Session 24: Military & Security
Utilizing Carbon Nanotubes in Thin-Film Flexible Electronics
Thursday, June 22, 2017
1:40 PM - 2:05 PM
The Lockheed Martin Advanced Technology Center is actively developing flexible electronics to enable and enhance applications by utilizing the large-area, lightweight, and conformal attributes of the technology. Both passive and active thin-film electronics, including gas and electro-optic sensors, logic circuits, memory, advanced packaging, and active-matrix arrays with integrated row and column drivers, have been fabricated on polyimide films. The NMOS circuits are comprised of enhancement-mode metal oxide thin-film transistors and carbon nanotube fabric resistive elements. The flexible circuits are capable of low-voltage operation (1.5V) and have shown good radiation tolerance and thermal stability (>100C operation and >200C survivability in air). Nanomaterials have been incorporated into flexible electronic circuits as both active (e.g. non-volatile memory and sensors) and passive (e.g. resistive traces and ESD protection) elements. They have been used to tailor thin-film and device properties including resistivity, Temperature Coefficient of Resistance (TCR), absorption, thermal conductivity, and gas sensor sensitivity/selectivity.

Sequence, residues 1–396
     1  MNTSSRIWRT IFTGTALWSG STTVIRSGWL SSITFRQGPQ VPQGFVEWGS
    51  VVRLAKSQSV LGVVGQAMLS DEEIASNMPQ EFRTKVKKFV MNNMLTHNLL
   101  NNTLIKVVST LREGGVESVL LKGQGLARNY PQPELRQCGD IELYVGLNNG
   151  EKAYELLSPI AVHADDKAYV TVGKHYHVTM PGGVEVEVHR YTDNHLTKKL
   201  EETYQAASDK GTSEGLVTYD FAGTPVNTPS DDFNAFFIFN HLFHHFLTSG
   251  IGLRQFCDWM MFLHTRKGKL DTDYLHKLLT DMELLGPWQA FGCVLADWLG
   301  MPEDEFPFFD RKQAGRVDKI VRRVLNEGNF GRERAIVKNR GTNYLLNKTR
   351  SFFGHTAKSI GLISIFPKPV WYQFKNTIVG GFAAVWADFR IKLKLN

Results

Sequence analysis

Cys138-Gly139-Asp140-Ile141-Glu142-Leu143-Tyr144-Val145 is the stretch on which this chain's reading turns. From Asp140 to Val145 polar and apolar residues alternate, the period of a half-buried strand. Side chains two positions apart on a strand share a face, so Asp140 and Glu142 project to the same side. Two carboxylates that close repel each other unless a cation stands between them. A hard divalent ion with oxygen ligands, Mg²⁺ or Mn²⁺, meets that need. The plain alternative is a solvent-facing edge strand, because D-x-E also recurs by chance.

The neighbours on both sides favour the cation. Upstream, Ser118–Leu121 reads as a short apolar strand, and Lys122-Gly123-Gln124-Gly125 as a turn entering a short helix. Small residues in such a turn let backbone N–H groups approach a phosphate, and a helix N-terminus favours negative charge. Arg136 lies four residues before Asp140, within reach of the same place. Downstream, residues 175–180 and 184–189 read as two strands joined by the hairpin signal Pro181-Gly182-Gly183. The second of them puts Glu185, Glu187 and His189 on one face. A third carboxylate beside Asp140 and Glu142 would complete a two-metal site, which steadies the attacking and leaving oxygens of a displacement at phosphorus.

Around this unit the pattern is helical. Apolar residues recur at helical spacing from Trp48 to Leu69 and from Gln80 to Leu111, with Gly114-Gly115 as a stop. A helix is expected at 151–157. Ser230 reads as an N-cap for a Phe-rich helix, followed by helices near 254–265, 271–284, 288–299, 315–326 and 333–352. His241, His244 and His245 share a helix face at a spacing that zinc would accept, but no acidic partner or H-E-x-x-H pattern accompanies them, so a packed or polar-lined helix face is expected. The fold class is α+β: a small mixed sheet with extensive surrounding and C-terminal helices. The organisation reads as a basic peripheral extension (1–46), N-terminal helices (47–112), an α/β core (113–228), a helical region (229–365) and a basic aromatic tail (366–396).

Jon Nichols performs research on thin-film and nanomaterial-based electronic devices at the Lockheed Martin Advanced Technology Center.